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Cantal

Type:  Hard
Milk: Unpasteurised cow's milk
Animal breed: Salers
Size of cheese: 40cm
Weight:  40kg
Location: Auvergne
Altitude:  640m
Season:  Year round
Scale:  Co-operative

 

Cantal is one of the world's oldest surviving cheese recipes, with written references to this un-cooked, pressed curd cheese from the Auvergne dating back 2000 years to the time of the Gauls. The cheese take its name from the Cantal mountain range - extinct volcanic peaks which cover much of the department. Harsh winters, high rainfall and mountain pastures meant that dairy farming in the region traditionally relied upon hardy local breeds of animal, including the magnificent Salers cow. 

Salers cows produce milk that is rich, characterful, and brilliant for cheesemaking. They are also extremely maternal by nature, which means that milking a Salers cow can be a trickier business than usual. A Salers mother won't produce sufficient milk if separated from her calf, so farmers must always allow the calf the first drink, and will then tether it alongside the mother throughout the milking process. It is quite an incredible process to witness, and requires an extra level of dedication from those farmers that choose to rear Salers for milking - a sadly diminished number.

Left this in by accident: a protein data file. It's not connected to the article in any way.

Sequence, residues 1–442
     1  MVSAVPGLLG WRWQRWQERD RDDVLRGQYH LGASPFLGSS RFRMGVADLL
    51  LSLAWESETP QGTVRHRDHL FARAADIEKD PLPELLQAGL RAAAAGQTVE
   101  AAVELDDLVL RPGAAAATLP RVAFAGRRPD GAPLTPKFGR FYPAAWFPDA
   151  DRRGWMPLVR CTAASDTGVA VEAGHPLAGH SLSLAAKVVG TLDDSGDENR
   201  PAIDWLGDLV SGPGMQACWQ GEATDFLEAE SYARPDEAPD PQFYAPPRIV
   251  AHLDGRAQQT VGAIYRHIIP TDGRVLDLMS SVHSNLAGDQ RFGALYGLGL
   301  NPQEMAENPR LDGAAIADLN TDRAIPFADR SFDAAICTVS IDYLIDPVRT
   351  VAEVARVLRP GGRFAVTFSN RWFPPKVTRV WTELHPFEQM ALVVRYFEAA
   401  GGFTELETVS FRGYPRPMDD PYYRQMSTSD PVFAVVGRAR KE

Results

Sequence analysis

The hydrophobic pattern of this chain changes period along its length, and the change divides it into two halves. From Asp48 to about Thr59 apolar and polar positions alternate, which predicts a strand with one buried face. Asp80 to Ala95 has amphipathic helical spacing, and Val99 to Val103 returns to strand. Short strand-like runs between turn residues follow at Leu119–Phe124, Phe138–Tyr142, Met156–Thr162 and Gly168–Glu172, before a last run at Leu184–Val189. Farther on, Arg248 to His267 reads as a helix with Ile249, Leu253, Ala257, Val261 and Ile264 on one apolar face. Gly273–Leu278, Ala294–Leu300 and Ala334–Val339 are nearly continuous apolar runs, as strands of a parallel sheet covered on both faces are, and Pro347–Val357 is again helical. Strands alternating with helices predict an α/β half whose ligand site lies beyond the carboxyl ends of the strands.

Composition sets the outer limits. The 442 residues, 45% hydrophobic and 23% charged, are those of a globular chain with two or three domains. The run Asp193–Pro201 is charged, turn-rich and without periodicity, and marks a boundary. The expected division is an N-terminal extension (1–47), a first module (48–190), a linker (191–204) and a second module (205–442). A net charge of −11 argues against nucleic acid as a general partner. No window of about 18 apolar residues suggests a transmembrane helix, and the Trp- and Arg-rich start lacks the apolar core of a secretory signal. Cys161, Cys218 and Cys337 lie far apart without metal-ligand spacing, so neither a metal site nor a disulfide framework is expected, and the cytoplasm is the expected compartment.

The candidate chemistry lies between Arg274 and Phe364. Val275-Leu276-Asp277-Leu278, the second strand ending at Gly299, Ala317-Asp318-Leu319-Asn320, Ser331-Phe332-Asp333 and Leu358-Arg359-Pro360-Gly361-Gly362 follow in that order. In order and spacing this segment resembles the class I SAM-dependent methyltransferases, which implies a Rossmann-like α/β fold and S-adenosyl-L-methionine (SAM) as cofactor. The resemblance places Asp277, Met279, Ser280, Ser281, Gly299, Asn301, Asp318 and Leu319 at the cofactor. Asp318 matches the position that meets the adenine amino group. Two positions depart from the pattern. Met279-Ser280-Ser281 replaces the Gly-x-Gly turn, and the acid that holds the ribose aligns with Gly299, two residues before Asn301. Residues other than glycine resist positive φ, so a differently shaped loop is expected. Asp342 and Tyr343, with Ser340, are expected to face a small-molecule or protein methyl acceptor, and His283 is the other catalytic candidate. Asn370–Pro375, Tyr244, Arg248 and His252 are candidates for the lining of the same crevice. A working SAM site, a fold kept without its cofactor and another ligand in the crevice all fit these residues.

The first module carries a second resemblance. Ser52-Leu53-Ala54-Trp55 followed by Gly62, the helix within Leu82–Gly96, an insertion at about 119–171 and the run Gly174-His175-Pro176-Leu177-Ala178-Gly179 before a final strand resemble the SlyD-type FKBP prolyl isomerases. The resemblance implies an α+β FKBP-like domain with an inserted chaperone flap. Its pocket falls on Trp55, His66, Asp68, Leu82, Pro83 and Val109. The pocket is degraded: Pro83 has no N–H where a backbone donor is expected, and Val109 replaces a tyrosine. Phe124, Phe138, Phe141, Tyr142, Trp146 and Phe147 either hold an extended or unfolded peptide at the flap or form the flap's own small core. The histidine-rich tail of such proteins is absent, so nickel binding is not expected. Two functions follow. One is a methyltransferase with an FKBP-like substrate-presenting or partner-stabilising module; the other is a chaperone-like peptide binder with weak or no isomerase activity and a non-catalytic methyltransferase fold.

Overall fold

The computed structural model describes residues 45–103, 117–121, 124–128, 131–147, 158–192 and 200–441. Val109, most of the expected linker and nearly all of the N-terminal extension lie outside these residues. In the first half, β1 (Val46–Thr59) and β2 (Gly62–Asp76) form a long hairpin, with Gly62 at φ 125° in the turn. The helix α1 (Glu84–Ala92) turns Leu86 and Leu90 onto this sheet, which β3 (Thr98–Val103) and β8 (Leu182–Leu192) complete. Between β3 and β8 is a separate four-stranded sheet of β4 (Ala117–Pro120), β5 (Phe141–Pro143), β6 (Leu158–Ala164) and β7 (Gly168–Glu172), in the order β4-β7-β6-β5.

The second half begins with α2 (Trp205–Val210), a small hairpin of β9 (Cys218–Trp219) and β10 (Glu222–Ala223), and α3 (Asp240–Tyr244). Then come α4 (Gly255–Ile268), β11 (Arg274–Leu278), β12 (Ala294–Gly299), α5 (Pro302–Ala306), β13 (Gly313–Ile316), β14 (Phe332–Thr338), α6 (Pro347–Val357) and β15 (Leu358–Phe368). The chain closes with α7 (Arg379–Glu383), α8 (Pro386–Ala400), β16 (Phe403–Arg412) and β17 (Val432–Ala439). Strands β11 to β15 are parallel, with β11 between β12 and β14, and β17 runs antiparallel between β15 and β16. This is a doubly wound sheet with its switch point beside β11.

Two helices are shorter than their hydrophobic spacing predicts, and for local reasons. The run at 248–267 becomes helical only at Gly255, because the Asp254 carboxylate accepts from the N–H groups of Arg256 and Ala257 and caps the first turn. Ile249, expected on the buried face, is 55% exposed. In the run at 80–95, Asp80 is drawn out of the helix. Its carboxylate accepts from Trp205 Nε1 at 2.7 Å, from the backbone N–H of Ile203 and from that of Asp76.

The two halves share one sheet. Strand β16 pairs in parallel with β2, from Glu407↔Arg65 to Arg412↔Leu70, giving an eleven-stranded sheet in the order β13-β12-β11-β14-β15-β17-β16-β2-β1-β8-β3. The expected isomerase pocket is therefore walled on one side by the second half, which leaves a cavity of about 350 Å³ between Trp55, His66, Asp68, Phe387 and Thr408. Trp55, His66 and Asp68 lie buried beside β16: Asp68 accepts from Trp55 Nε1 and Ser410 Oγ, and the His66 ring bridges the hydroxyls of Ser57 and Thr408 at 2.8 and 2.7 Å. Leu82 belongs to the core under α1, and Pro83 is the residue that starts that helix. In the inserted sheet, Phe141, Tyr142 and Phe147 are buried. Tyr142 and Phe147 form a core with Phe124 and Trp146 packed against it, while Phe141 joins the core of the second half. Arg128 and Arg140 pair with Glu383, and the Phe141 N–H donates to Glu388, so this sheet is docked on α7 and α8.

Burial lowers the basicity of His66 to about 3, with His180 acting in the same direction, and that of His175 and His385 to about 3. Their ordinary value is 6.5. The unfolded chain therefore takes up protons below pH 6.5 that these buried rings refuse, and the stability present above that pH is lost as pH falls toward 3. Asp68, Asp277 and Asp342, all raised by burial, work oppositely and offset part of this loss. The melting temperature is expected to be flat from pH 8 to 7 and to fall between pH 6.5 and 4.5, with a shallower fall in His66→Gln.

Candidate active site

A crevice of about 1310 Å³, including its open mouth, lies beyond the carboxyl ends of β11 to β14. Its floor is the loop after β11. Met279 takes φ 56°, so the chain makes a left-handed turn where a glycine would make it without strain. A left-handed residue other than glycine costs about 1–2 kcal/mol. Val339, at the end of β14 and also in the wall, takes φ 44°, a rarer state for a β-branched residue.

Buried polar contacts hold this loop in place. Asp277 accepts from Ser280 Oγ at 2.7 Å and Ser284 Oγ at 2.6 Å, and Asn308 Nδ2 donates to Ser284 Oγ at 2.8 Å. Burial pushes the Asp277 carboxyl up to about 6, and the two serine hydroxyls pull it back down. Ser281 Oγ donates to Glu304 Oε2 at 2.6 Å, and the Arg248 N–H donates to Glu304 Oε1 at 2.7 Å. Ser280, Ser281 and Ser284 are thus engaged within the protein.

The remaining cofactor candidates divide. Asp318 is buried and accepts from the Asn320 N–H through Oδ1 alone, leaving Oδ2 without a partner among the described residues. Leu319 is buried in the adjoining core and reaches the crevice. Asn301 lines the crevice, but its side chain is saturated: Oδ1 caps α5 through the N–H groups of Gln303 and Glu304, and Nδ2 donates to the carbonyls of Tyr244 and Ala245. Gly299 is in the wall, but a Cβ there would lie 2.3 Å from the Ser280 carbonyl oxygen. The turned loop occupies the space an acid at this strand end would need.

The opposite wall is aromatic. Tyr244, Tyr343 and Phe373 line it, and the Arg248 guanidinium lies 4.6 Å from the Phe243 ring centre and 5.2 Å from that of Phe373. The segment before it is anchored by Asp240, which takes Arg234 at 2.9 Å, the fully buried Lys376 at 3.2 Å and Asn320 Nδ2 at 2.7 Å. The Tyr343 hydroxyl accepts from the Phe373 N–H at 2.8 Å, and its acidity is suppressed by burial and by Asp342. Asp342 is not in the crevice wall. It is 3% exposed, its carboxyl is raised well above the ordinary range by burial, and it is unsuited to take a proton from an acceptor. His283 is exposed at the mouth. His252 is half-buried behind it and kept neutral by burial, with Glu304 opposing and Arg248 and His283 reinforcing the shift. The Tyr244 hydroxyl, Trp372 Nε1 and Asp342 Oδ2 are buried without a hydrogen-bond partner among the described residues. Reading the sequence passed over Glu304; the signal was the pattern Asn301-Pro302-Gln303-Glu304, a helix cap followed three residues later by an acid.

While much Cantal is no longer made with Salers milk, we work with a producer who collects milk from a group of traditional dairy farmers dedicated to defending the extraordinary milk of their local breed. The resulting cheese is hugely characterful: firm but buttery, with a gentle sweetness, mineral notes, and a finish of bright, refreshing acidity.

 
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